Learning from Recent Insider Data Breaches

Cyber Security News

The security lessons organizations can take from insider attack trends were discussed by Neil Daswani, Co-Founder and Co-Director, Stanford Advanced Cybersecurity Program, during a RSAC 365 webcast.

Daswani, author of the recently published book Big Breaches: Cybersecurity Lessons for Everyone, began by outlining trends there have been in regard to the volume of insider data breaches. From the period 2005-2009, the average number per year was under 25, but this figure subsequently surged during 2010-2014, close to 100 per year. This was largely swelled by the Edward Snowden National Security Agency (NSA) leaks of 2013. Surprisingly, the number dropped significantly in the following years, and incredibly there were no reported insider data breaches in 2019. However, Daswani added that “if something is too good to be true it usually is, because in 2020 we saw insider data breaches picking up again.”

Daswani also highlighted significant variation in the prevalence of insider data breaches among different industries. By far the most affected is the healthcare industry, and as a result “if you work for one of these organizations, you should probably pay more attention to insider attacks than peers at other types of organizations.” The next most impacted was the financial sector, followed by retail and merchant and government and military.

Daswani then went on to analyse how insider data attacks occur, looking firstly at the most famous example of its kind – the Snowden leaks in 2013. It appears that the problem emanated from the fact Snowden was provided with widespread access to highly sensitive data; given contractor access, SSH keys, digital certificates and a smart card. This enabled him to build a “crawler” within government systems and download over one million files. “It was interesting that one system administrator had so many credentials,” commented Daswani.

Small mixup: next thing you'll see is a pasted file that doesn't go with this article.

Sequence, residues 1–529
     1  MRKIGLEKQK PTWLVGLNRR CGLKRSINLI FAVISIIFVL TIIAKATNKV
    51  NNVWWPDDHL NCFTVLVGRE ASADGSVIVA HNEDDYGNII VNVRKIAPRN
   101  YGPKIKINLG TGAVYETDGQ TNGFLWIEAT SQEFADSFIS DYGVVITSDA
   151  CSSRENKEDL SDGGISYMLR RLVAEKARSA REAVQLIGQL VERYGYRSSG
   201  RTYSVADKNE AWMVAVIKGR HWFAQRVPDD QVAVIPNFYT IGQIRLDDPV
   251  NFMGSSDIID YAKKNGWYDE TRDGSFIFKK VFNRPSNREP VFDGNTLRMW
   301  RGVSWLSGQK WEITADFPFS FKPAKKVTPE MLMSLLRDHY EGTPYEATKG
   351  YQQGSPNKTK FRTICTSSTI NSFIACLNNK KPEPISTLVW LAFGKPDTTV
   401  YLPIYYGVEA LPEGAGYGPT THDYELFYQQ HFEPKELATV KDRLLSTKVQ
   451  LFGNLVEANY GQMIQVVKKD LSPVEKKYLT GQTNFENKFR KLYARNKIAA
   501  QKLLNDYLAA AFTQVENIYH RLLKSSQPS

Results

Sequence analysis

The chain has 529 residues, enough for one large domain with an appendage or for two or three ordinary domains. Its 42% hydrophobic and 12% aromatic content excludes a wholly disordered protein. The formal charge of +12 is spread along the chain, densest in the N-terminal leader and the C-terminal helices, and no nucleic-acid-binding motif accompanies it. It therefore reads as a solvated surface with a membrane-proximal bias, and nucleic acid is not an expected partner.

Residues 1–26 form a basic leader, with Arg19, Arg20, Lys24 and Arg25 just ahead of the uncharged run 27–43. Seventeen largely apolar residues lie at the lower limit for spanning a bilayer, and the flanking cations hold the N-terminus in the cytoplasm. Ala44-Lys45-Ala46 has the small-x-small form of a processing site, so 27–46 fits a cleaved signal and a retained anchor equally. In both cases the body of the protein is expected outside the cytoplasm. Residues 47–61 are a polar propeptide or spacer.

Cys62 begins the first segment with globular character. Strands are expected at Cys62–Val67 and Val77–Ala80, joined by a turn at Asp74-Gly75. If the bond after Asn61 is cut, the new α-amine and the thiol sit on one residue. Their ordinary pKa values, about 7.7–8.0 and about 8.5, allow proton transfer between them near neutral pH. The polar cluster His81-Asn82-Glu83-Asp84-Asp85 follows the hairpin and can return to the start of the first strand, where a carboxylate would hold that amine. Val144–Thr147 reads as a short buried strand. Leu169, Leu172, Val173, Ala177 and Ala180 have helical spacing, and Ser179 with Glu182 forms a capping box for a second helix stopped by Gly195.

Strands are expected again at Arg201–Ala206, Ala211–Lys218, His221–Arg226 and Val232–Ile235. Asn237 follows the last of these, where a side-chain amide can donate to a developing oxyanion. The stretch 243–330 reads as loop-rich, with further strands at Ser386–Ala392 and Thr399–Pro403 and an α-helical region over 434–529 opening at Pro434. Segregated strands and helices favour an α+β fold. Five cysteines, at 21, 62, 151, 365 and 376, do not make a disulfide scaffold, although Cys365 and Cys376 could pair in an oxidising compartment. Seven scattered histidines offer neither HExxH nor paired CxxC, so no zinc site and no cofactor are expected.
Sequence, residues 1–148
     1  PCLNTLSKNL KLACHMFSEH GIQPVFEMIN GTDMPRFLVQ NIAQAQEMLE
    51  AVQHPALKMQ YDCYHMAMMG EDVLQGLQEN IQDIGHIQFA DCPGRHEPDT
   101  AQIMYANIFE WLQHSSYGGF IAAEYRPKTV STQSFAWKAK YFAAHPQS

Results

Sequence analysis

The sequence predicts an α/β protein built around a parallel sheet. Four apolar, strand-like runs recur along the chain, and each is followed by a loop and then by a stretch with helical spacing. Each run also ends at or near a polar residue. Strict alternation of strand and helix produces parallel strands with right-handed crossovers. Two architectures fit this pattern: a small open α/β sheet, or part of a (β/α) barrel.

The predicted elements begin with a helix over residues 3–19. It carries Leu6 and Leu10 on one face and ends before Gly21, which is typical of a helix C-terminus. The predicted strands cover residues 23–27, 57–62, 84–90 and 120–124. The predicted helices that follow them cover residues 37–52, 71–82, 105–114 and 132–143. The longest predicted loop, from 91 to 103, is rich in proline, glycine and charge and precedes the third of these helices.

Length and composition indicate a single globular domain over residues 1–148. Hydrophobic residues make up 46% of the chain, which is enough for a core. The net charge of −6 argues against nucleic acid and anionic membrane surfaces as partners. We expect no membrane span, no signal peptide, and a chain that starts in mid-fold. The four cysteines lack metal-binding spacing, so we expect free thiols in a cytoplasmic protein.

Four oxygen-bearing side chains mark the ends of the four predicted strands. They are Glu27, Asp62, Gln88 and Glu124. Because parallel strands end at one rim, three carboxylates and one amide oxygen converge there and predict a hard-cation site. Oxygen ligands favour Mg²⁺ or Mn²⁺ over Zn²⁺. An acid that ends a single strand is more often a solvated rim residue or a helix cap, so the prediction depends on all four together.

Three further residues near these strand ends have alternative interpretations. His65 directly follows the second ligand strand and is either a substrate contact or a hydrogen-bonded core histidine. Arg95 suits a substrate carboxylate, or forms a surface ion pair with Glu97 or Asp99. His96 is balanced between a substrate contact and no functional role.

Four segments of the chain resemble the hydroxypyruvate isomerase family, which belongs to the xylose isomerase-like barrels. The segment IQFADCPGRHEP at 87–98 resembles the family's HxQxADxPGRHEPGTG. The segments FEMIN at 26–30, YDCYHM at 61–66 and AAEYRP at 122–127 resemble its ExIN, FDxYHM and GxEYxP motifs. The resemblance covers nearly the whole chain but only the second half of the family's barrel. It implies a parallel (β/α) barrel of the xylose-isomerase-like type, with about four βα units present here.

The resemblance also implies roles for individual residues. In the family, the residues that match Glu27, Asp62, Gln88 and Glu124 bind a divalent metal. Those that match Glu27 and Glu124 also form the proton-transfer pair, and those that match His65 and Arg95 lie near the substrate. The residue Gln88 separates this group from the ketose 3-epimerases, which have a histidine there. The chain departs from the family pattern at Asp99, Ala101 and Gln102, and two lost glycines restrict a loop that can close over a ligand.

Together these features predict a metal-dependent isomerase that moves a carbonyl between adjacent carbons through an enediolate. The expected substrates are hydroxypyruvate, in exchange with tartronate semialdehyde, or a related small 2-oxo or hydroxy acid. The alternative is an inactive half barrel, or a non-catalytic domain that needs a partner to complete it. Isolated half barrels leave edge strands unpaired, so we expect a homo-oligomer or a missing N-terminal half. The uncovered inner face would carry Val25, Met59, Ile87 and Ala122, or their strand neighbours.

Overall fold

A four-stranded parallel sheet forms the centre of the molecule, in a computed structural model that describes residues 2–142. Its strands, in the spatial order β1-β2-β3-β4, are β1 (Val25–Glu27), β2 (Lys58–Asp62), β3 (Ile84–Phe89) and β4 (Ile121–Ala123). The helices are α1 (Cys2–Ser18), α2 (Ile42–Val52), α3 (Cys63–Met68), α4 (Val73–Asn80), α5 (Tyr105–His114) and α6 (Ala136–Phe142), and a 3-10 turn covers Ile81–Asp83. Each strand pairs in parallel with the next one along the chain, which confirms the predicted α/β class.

Another issue was the inability of the NSA to detect the huge amount of encrypted flows of traffic within their networks. “There was a lack of monitoring, a lack of anomaly detection that probably allowed this attack to succeed,” stated Daswani.

Over the past year, since the start of the COVID-19 pandemic, the indications are that insider attacks have become easier to conduct. Daswani quoted figures from Code 42 that employees are more likely to leak files than they were pre-COVID.

The main reason for this has been the shift to home working, according to Daswani, meaning that “CISOs and their teams didn’t have as much visibility into all the traffic.” In addition, organizations were unable to impose security measures on staff who are exposed to high levels of sensitive data. For example, customer service agents would normally have to abide by certain physical countermeasures in the workplace, such as no cell phone and paper/pens, “so they can’t write down things and can only interact with customers using virtual desktop interfaces.” These types of policies are impossible to enforce remotely.

With home working having been in place for over a year for many organizations, it is Daswani’s hope that “companies that have lost visibility will take steps to get back visibility even when people work remotely.”

Daswani also spoke about several recent high profile insider attacks, taking place at Twitter, Tesla and Shopify. From these, a number of lessons can be taken. While traditional approaches to security are focused on prevention and are binary, this model is insufficient for insider attacks, in which perpetrators are already in your systems.

Preventative steps can be put in place for insider threats, mainly centered around psychological profiling of employees to uncover high risk personality traits, and developing usage-based security and user behavior analytics around these insights. This should feed into high-level monitoring and detection capabilities. Daswani said: “You’ve got to have a model that is primarily detection-oriented and is probabilistic.”